Combinable only works for a while(1) { select { construct which allows multiple tasks to get flattened into a big select. You can only select on a port input (not output), and the current code that Henk provided relies on timed outputs, which are inherently blocking operations. So that doesn't work I'm afraid. It might be possible, with some fast sorting code (to allow the transitions to be output in time order), to have a single core handle more than one one bit port, but this will be a manual task (compiler won't do it for you). At best, this approach will allow you to generate 16 timed outputs per tile using a one bit port per output (startkit has one user tile), but shouldn't take too much work.
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infiniteimprobability
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Postby infiniteimprobability » Mon Feb 20, 2017 1:00 pm

- I want to use ultrasound to apply in medical field so need very high accuracy. By that reason, Resolution as high as possible but I thinks about 10ns is good for my project.

Thanks - the reason for my questions is that, using an xCore 200, I think you can acheive 24 outputs per tile using 6 x 4b port and 6 x tasks. This would likely rely on dual issue, so would require xCore 200.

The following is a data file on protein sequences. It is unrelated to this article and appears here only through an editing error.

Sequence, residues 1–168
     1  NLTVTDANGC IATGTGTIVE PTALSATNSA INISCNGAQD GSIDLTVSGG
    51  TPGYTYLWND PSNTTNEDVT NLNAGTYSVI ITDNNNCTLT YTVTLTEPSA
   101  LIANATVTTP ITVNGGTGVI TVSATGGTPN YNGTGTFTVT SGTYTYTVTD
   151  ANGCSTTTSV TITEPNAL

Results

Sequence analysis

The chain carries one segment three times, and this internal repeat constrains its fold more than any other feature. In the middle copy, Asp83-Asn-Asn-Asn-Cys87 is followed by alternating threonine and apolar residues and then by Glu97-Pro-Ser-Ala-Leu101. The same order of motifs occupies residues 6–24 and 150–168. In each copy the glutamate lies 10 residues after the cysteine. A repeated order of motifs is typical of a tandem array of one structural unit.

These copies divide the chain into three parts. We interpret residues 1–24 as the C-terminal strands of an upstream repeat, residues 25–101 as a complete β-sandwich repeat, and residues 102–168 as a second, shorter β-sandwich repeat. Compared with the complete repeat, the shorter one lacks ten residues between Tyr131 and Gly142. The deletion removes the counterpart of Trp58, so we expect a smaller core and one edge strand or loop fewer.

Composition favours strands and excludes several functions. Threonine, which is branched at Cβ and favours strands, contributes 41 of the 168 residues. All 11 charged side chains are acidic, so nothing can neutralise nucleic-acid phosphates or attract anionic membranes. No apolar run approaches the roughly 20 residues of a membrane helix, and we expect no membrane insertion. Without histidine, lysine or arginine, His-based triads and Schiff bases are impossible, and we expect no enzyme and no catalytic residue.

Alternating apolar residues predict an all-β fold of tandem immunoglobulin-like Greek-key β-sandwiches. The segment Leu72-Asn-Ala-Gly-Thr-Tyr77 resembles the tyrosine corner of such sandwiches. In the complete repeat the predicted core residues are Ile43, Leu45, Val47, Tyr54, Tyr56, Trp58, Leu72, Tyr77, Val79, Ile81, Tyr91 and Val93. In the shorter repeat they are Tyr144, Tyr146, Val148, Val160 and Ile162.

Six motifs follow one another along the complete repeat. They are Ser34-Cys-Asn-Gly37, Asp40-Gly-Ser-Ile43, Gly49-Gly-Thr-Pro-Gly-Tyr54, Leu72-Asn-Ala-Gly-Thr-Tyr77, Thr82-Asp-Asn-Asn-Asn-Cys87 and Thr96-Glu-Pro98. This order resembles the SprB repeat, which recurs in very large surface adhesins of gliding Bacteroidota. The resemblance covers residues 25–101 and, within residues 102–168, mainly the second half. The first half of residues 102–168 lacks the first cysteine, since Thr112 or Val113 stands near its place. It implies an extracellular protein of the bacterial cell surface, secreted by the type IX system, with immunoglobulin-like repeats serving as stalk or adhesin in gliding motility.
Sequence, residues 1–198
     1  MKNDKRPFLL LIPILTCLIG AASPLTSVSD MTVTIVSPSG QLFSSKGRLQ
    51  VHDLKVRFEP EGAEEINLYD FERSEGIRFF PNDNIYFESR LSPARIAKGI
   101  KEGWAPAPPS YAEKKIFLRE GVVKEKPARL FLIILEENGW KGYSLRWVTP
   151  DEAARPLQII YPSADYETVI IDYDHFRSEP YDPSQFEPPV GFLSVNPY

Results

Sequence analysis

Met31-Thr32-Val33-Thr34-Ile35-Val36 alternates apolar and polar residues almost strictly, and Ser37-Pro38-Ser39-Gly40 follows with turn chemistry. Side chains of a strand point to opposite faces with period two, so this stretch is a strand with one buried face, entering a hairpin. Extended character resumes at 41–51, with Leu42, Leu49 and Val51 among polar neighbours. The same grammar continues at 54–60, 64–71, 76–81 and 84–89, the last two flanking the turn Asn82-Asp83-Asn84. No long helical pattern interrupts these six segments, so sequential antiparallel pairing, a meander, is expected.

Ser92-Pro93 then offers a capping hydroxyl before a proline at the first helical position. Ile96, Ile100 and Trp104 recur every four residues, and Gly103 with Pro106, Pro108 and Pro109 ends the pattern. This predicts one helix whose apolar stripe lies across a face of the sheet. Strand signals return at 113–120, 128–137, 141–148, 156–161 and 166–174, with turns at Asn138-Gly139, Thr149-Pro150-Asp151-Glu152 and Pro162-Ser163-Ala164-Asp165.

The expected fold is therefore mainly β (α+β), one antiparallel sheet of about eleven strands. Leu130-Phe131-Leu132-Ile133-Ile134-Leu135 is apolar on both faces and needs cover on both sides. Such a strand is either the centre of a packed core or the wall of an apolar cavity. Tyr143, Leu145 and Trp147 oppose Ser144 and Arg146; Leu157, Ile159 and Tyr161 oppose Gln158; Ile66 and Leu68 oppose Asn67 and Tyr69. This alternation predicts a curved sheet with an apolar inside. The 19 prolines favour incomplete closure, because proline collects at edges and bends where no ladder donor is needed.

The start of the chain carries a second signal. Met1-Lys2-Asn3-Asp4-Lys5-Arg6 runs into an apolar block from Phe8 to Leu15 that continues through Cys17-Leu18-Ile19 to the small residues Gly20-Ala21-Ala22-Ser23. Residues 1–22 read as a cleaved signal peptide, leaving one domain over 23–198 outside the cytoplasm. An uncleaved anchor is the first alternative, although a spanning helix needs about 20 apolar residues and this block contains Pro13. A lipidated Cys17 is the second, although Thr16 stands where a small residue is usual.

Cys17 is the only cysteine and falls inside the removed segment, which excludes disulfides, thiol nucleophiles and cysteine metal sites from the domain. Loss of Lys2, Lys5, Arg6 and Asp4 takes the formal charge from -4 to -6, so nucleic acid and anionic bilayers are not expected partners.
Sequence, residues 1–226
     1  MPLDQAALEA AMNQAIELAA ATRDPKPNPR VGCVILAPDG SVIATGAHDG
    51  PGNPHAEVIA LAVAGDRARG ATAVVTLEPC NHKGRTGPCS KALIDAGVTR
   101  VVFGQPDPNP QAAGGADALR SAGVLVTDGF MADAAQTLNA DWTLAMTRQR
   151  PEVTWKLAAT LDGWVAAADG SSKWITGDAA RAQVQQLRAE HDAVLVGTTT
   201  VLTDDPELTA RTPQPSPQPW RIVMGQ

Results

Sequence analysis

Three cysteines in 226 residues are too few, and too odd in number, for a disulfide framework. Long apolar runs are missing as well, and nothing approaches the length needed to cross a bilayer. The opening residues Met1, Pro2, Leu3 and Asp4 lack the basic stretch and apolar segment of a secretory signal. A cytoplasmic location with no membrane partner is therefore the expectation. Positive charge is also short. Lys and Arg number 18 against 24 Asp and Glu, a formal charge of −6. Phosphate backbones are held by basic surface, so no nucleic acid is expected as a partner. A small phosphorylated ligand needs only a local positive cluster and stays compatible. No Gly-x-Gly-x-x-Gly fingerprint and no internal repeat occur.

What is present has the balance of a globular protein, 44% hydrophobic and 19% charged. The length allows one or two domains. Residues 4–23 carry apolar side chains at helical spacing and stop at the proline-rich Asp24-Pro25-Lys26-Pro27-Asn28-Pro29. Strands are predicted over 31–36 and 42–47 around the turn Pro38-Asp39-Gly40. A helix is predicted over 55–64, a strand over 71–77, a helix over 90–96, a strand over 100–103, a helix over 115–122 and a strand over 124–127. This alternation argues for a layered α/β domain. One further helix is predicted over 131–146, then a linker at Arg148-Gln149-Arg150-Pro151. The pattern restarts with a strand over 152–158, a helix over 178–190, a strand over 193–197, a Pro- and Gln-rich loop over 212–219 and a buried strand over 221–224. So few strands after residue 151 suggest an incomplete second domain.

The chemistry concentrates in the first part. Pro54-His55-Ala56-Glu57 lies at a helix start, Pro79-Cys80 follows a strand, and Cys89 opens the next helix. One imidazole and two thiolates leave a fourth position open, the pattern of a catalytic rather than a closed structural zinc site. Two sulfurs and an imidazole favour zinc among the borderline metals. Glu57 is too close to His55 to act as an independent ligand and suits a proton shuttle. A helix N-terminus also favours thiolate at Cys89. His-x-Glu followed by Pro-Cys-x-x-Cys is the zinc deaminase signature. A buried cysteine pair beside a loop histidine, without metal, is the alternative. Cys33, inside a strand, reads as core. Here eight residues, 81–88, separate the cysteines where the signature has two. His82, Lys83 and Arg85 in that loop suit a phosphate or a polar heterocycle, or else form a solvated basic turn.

- The transducers that I'm using operate at 40khz and tolerate that it can accept is not be mention in it's datasheet. But I thinks it as close 40khz as possible.

I did some calculations, and I think that using a 480MHz core clock with 96MHz ref clock, an exact 40KHz can be achieved using the buffered port approach.

- Output is as many as possible so it will create a force enough large to I can measure. In the actually, Many researcher used 64 transducers and 128 transducers

OK - my best guess is that, with your ~10ns accuracy target, you can get at best 32 outputs per tile on an XS2 (xcore 200).. There is definitely some work to get to this number

- Output is many squarewaves with phased delay differently for each transducer and phased delay will be update continuously to I can change position that I want levitate. The programming on Xmos will be interface with matlab ( Task of matlab is caculate phase delay for each transducer) to receive phased delay for each transducer.

OK fine

- Presently, I have designed a array transducer including 25 sensors and all be controlled by raspberry pi but it seems not enough force to can levitate as well as observe and signal generated from raspberry pi ( 25 square waves) is not stability as well as can not expand pins on this board. So I have studied xmos as a developed method for my research.


On balance, if you don't want to spend a fair chunk of time developing custom bit pattern generator code, then mon2's approach sounds good. Especially given the cost of startkits vs anything else